The European Commission wants the average CO2 emissions by new private cars and vans to be inferior in 2030 by 30% to that of 2021, the Commissioner for Climate and Energy, Miguel Canete announced on Wednesday. This “ambitious” reduction should in theory allow the EU to respect its commitments made within the framework of the Paris agreement on climate (based on the 1990 level, -40% CO2 emissions by 2030).
The transport sector represents at present nearly a quarter of all emissions in Europe. The Commission has decided to take action by requesting the car industry to ensure a decrease of almost a third of the discharges from private cars and vans in ten years.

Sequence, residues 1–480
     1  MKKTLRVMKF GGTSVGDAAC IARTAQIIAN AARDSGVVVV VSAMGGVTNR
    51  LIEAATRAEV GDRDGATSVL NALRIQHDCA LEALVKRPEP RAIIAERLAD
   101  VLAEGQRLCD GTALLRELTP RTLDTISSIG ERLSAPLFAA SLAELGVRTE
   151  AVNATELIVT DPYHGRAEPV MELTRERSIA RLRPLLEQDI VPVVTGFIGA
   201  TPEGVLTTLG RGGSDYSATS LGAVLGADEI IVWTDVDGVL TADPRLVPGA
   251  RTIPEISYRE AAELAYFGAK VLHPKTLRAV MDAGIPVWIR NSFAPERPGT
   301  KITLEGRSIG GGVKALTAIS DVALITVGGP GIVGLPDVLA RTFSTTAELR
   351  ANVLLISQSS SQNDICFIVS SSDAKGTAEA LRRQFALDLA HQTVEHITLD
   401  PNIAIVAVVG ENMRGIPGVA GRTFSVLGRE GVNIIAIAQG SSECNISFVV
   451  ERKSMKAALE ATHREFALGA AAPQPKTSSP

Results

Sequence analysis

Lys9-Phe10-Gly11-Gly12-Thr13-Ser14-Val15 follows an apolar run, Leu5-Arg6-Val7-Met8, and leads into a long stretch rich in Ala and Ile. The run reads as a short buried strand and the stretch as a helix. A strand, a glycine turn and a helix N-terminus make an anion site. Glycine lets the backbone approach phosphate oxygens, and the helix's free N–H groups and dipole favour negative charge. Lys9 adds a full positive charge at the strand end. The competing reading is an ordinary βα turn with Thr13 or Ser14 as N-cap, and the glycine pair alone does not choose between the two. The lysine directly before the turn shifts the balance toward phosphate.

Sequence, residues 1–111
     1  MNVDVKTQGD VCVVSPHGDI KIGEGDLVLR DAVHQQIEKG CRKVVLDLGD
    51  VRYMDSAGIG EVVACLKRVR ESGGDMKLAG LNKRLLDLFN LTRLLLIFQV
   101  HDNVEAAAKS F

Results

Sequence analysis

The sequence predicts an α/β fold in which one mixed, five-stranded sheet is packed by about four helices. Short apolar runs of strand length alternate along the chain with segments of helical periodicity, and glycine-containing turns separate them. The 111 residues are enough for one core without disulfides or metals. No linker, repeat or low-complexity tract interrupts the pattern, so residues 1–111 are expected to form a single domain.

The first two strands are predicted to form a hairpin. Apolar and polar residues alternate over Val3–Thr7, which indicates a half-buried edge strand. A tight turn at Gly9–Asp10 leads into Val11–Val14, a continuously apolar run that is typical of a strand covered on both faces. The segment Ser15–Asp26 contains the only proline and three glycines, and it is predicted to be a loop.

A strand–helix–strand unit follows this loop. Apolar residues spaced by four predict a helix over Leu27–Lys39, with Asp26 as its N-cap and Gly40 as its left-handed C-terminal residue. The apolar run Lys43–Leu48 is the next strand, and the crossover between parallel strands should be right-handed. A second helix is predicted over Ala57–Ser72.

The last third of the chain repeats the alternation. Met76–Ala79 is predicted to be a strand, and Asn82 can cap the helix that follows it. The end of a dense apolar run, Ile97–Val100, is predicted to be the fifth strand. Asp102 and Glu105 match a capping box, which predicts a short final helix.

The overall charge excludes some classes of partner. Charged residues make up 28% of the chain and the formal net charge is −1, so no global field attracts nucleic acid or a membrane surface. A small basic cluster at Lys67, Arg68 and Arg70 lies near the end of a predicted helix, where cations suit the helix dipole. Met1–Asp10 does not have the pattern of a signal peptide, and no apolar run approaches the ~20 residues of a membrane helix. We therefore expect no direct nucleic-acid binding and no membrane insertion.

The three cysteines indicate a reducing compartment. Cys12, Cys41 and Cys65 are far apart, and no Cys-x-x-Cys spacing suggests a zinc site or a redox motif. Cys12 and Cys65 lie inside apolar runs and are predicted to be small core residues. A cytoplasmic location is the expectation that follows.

Up until now, the regulations adopted in 2014 imposed upon car constructors commercializing vehicles in the Union to produce models reaching a level of emission of 95 grams of CO2 per kilometer by the beginning of 2021, against 130 grams in 2015. Now the Commission wants to reduce these emissions by yet another 30% on the 2030 horizon, with an intermediate reduction target of 15% by 2025.
“These objectives are ambitious, cost-effective, and applicable,” Mr. Canete remarked, whereas several NGOs and European deputies already consider them to be insufficient. The Commission propositions must still be negotiated by Member States and the European Parliament before they can be adopted.